In Florida, Gov. Rick Scott, bans use of ‘climate change,’ ‘global warming’ in reports
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When he’s been asked about his views on climate change, Florida Gov. Rick Scott has said he “was not a scientist.”
But when it comes to the Florida Department of Environmental Protection, employees are prohibited from using terms such as “climate change” and “global warming,” on orders from Scott, according to a report from the Miami Herald.
Employees have been ordered to not use the terms in any “official communications, emails, or reports, according to former DEP employees, consultants, volunteers and records obtained by the Florida Center for Investigative Reporting.”
“We were told not to use the terms ‘climate change,’ ‘global warming’ or ‘sustainability,’” said Christopher Byrd, an attorney with the DEP’s Office of General Counsel in Tallahassee from 2008 to 2013. “That message was communicated to me and my colleagues by our superiors in the Office of General Counsel.”
The Miami Herald report says the policy went into effect once Scott took office in 2011.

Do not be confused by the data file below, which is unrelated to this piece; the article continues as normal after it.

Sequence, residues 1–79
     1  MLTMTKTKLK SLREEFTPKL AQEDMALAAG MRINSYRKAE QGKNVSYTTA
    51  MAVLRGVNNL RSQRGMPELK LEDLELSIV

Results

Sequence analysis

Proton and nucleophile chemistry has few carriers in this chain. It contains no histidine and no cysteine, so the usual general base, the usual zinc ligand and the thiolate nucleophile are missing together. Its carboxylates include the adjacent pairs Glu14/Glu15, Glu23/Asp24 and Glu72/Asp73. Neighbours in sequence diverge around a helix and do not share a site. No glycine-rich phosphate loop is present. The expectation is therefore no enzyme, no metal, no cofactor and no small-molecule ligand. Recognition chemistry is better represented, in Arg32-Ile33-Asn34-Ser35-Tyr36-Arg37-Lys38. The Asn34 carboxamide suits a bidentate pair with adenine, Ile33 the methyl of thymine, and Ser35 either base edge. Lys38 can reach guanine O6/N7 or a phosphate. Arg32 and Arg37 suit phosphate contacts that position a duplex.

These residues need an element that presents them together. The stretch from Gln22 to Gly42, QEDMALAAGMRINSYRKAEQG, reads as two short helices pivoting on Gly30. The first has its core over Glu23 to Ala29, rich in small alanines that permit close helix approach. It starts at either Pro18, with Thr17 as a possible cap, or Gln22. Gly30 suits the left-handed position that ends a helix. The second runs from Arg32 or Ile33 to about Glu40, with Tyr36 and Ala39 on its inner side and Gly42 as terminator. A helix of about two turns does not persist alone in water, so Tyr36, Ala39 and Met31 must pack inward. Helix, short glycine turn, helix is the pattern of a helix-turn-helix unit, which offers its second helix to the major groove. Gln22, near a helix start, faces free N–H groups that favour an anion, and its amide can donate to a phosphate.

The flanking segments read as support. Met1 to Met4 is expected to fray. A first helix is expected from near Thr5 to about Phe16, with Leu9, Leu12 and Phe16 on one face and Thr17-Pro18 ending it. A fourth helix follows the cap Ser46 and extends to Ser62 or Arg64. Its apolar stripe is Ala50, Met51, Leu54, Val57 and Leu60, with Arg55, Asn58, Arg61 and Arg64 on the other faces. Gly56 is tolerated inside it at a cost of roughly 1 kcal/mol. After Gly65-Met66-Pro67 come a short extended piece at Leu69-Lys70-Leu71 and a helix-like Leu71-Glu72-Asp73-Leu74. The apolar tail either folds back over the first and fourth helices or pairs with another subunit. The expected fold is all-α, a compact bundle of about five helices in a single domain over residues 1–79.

“We were told that we were not allowed to discuss anything that was not a true fact,” said Kristina Trotta, a former department of environmental protection employee said.
While multiple DEP employees went on the record to confirm the policy exists, state officials officials denied such a claim.
“DEP does not have a policy on this,” the department’s press secretary, Tiffany Cowie, wrote in an email. She declined to respond to three other emails requesting more information.
“There’s no policy on this,” wrote Jeri Bustamante, Scott’s spokeswoman, in an email.
“We were instructed by our regional administrator that we were no longer allowed to use the terms ‘global warming’ or ‘climate change’ or even ‘sea-level rise,’ ” said Trotta. “Sea-level rise was to be referred to as ‘nuisance flooding.’”
When staff protested, Trotta said, “the regional administrator told us that we are the governor’s agency and this is the message from the governor’s office. And that is the message we will portray.”
The Miami Herald looked at two different versions of the Florida Oceans and Coastal Council’s Annual Research Plan. The 2009-10 report, which was published a year before Scott was elected, had 15 references to climate change, including an entire section called “Research Priorities — Climate Change.”
The 2014-15 report only contains “climate change” if it is part of a title of a previous report or conference.